To examine health, job satisfaction, and behavioural risks as antecedents of selection from fixed term to permanent employment.
Prospective cohort study of change in employment contract during a two year period. Self reported health, recorded sickness absence, job satisfaction, behavioural risks, demographics, and occupational characteristics were assessed at baseline.
Hospital staff in two Finnish hospital districts.
A cohort of 526 hospital employees (54 men, 472 women) aged 20 to 58 years with a fixed term job contract at baseline.
During the follow up period, 137 became permanently employed. Men, employees in higher positions, full time workers, and those with five to eight years in the employ of the hospital were more likely to become permanently employed. After adjusting for these factors, obtaining a permanent job contract was predicted by self rated good health (odds ratio (OR) 3.90; 95% confidence intervals (CI) 1.34 to 11.36), non-caseness of psychological distress (OR 1.80; 95% CI 1.01 to 3.20), high job satisfaction (OR 1.86; CI 1.17 to 2.94), and non-sedentary life style (OR 2.64; CI 1.29 to 5.41), compared with the rest of the cohort.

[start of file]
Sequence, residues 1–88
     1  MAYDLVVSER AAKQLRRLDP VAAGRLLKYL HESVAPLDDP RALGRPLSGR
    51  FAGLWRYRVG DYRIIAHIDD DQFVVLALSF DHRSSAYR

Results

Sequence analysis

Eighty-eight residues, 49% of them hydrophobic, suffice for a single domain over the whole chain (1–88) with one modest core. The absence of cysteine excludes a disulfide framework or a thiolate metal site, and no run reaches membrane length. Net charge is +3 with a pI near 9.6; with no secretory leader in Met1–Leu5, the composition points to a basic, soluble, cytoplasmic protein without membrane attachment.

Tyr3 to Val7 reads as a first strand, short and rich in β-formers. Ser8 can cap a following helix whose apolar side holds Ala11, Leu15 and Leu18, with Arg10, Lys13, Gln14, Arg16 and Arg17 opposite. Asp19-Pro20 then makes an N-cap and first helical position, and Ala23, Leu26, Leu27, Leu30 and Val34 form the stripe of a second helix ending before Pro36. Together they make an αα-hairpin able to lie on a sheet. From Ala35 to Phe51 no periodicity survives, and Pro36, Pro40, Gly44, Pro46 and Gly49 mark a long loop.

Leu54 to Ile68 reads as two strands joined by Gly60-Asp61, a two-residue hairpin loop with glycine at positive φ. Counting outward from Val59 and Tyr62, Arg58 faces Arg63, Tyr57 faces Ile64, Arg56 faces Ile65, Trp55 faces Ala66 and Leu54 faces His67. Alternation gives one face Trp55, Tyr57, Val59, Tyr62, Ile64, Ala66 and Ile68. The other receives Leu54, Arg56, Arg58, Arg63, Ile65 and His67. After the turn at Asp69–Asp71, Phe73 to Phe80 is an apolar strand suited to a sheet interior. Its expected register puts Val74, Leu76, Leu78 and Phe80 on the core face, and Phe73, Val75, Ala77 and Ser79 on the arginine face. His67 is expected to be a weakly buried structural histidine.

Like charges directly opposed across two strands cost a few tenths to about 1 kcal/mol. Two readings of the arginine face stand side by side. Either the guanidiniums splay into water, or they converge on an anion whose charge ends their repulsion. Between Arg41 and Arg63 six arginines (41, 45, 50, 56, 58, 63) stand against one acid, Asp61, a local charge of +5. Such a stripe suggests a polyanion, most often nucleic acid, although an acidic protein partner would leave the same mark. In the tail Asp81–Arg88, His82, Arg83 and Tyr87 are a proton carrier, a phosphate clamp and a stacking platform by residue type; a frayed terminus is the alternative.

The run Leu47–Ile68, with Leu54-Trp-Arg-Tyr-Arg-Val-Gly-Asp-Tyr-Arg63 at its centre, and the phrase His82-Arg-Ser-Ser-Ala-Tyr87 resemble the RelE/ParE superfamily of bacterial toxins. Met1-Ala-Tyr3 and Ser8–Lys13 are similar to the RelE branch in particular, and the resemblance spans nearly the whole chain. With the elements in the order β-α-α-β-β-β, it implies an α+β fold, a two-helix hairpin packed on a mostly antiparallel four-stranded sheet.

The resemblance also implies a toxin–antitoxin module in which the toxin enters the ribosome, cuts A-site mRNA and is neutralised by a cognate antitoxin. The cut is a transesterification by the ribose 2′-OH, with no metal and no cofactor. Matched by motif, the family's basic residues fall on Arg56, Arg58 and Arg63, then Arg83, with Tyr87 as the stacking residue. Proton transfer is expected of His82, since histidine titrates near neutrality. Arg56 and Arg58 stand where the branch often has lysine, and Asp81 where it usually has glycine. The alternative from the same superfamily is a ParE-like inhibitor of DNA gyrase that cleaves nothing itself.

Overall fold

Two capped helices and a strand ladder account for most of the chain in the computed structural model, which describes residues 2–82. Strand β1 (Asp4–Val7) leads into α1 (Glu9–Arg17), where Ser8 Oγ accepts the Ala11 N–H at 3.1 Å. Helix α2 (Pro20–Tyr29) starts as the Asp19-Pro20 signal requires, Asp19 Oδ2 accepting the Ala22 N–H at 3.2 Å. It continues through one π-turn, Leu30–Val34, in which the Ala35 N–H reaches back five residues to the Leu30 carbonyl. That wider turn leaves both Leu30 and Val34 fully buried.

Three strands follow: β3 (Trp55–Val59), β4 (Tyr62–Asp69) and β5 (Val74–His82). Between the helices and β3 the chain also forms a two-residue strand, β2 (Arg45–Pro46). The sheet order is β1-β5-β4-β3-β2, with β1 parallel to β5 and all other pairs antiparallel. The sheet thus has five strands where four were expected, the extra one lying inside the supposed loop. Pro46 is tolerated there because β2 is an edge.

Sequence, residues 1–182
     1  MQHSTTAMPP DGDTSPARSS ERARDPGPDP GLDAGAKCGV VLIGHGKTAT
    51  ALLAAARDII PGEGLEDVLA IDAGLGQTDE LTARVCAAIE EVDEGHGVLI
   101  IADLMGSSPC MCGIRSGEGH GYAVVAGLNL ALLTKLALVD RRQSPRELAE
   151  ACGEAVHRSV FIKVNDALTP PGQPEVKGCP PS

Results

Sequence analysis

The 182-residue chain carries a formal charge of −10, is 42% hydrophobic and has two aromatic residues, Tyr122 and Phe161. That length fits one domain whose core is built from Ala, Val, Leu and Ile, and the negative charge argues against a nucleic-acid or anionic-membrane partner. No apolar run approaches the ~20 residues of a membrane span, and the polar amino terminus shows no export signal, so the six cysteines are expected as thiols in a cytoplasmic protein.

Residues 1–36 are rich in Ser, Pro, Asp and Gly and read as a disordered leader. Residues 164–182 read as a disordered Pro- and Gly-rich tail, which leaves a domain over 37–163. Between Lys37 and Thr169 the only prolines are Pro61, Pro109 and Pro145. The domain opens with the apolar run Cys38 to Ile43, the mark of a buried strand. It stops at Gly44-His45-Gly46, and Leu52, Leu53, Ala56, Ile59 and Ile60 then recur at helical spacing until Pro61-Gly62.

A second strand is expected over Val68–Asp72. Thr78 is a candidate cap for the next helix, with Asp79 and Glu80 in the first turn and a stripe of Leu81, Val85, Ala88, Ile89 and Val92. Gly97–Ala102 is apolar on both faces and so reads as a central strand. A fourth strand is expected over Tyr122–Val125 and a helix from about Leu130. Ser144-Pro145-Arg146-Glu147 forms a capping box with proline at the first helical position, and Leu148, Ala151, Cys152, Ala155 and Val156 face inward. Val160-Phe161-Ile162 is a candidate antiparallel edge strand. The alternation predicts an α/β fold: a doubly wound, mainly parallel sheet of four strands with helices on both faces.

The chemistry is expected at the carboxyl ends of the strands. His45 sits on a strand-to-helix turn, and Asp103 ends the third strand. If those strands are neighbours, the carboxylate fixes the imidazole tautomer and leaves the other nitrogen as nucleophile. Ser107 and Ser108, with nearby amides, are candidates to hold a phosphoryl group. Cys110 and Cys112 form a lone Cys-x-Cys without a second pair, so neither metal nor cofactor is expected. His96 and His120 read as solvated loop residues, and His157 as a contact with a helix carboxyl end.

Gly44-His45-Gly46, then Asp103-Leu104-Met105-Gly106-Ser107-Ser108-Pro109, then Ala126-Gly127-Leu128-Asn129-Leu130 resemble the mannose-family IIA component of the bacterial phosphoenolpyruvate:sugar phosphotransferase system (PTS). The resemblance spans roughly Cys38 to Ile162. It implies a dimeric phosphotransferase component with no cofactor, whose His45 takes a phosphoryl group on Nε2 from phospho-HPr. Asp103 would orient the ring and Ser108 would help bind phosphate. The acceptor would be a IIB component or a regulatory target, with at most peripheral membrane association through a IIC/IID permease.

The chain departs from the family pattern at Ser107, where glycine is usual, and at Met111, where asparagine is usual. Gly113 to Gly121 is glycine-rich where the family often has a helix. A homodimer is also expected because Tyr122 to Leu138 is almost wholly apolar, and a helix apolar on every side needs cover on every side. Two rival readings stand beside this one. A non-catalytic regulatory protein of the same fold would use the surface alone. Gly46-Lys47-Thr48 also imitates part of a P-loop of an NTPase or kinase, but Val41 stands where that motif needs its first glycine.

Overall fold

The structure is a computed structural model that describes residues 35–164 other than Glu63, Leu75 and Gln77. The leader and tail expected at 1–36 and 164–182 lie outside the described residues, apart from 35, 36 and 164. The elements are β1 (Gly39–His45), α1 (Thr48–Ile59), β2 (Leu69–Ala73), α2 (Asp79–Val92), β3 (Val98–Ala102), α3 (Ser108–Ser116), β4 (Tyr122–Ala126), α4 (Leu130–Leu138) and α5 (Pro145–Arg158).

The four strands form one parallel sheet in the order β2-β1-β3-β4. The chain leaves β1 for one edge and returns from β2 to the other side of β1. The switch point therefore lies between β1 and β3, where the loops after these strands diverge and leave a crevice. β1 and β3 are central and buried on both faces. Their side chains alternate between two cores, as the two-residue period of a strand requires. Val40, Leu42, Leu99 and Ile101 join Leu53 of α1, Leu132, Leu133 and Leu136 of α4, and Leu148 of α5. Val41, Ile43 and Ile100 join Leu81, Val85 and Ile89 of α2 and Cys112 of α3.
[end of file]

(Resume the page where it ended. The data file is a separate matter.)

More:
Investigation of fixed term employees yields new information about selective mechanisms in employment mobility. Good health seems to promote the chances for a fixed term employee to reach a better labour market status. These results correspond to earlier research on selective mechanisms in other forms of employment mobility and provide a partial explanation for the socioeconomic gradient of health.
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